I recently heard about a chap who seems to be doing really well. He’s CEO of a business with about 50 employees – an indication that things are probably going well, spends a lot of time at work – hardly ever home – but tells everyone that he loves it, and his work-place is just like a large happy family. They go out for drinks regularly – do lunches - go-carting and other such things. Sounds like it might be a great place to work!
But then I heard that he had another family – a wife and two children at home. So which one is his real family? After some thought, here’s my take on it:
Firstly, let’s consider the research and experience of Professor Bruce Robinson of the Fathering Project (http://thefatheringproject.org/). Prof Bruce is a world authority on lung disease that results from exposure to asbestosis. So his patients are usually men and usually dying. Prof Bruce noticed a pattern: these men regretted in their last months of life, that they didn’t spend more time with their children back when they had the chance. They also realised that work seemed to be more important at the time, than it really was.
Secondly, let consider the statistic that 19%, close enough to 1 in 5 employees in Australia, are actively dis-engaged. These people have two effects on organizations – they undermine productivity of everyone, and they make it a miserable place to work because of their negativity. Now there is a way to minimize the impact of actively disengaged staff. Essentially you need a strong set of real values which are clearly defined, constantly communicated in different ways and employees are held to account for not only achieving outcomes, but also living those values.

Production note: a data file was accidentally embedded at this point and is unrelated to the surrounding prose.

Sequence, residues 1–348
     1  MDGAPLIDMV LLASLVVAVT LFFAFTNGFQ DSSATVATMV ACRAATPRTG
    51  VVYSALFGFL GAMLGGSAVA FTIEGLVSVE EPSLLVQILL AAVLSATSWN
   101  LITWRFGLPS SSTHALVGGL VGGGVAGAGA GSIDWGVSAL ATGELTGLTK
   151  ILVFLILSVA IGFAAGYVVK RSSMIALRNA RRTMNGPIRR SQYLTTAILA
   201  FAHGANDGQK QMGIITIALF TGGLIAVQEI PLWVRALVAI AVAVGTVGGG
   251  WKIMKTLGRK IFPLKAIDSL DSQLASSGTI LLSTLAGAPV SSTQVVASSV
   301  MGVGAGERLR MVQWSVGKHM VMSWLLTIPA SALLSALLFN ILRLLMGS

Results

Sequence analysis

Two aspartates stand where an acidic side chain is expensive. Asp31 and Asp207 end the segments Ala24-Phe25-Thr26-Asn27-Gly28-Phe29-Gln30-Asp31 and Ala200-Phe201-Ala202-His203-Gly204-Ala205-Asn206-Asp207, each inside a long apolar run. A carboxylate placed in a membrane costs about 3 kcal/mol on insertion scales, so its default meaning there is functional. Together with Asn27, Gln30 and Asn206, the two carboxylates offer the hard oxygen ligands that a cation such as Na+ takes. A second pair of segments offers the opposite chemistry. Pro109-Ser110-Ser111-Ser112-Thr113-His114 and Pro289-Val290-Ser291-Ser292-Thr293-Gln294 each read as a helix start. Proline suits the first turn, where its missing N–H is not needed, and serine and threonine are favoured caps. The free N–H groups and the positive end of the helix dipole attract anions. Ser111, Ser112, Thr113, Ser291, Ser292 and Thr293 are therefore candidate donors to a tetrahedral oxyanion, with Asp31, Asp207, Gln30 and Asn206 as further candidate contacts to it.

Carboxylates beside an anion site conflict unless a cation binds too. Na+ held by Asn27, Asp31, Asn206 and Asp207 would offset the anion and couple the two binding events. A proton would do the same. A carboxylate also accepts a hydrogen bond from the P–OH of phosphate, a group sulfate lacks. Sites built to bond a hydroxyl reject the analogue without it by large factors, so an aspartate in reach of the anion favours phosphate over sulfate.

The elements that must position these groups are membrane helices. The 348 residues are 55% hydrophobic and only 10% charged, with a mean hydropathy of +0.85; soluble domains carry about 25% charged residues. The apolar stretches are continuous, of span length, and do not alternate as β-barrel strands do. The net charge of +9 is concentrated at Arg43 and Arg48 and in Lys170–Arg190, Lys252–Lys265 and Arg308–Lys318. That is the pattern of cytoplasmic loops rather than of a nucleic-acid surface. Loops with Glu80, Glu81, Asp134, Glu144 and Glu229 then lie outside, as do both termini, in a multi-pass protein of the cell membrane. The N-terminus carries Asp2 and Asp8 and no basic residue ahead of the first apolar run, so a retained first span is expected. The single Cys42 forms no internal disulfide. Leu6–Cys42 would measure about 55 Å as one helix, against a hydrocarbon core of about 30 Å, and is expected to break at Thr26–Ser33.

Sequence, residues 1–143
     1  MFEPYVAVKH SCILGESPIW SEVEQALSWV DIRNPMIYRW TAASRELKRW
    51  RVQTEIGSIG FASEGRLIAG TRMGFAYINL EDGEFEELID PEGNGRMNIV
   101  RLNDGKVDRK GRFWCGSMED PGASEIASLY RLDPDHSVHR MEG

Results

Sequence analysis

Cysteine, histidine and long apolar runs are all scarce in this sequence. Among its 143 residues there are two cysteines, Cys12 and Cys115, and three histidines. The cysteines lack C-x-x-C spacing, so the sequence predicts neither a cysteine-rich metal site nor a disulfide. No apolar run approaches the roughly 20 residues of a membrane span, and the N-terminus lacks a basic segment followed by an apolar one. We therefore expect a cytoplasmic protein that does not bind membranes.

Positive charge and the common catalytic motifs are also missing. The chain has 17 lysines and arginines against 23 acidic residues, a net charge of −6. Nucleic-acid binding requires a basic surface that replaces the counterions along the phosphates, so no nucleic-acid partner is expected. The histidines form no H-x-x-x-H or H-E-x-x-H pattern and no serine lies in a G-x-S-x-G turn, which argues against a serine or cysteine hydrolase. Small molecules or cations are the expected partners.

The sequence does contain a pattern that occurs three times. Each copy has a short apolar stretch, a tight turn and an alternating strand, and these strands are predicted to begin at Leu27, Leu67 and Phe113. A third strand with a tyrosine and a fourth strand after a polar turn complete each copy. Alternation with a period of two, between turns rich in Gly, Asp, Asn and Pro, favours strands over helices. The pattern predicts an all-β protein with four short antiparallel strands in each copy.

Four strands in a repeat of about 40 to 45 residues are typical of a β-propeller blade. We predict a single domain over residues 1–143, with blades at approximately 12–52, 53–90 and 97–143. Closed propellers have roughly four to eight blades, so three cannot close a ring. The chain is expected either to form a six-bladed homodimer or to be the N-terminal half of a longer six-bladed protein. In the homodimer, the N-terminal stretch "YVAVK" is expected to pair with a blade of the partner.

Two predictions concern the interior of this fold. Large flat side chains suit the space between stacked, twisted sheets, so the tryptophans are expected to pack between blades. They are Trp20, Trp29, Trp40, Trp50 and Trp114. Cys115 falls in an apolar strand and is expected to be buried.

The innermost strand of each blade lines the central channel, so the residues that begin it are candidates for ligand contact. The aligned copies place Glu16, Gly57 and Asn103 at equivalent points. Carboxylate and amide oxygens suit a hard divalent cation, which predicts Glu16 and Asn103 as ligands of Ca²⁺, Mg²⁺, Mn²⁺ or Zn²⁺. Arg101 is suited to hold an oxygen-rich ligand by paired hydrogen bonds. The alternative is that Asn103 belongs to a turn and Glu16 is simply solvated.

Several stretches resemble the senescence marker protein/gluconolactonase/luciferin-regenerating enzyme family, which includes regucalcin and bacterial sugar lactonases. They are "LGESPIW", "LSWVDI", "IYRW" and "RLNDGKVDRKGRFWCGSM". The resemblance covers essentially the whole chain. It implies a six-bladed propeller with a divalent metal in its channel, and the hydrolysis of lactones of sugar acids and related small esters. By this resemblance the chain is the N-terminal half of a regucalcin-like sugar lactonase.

So I wonder how well he is holding his surrogate ‘family’ to account? Is he really prepared to fire his drinking buddies for not living up to the values, or achieving outcomes when push comes to shove? So what must it be like working in an organization where some of your work-mates are not pulling their weight and the boss is not taking action – surely disheartening? If his team does have the average number of ‘lemon suckers’ (or worse, more than the average), what must that work-place feel like?
Thirdly, with 50 staff, the CEO can truly delegate all that is not essential for the CEO to retain. Even once an organization goes past about 20, the boss should be spending most of her time working on the business, not in it. Ineffective delegation not only has an impact on the boss, it also demoralizes staff and holds the whole shebang back (I’ve made this mistake in spades). A business can only go as fast as the CEO – and this one might be ‘maxed out’.
Finally, a busy CEO is not thinking clearly. The three typical contributors to fuzzy thinking are: fatigue, stress and emotional involvement. How could this fuzzy thinking be impacting the future security of all their jobs and future growth in a rapidly changing world?
Don’t get me wrong, a high performing team who love working together is what it’s all about. But 50 staff and a very busy CEO who treats everyone like family? Lots of red flags - don’t buy shares and don’t apply for the job there until you know a whole lot more!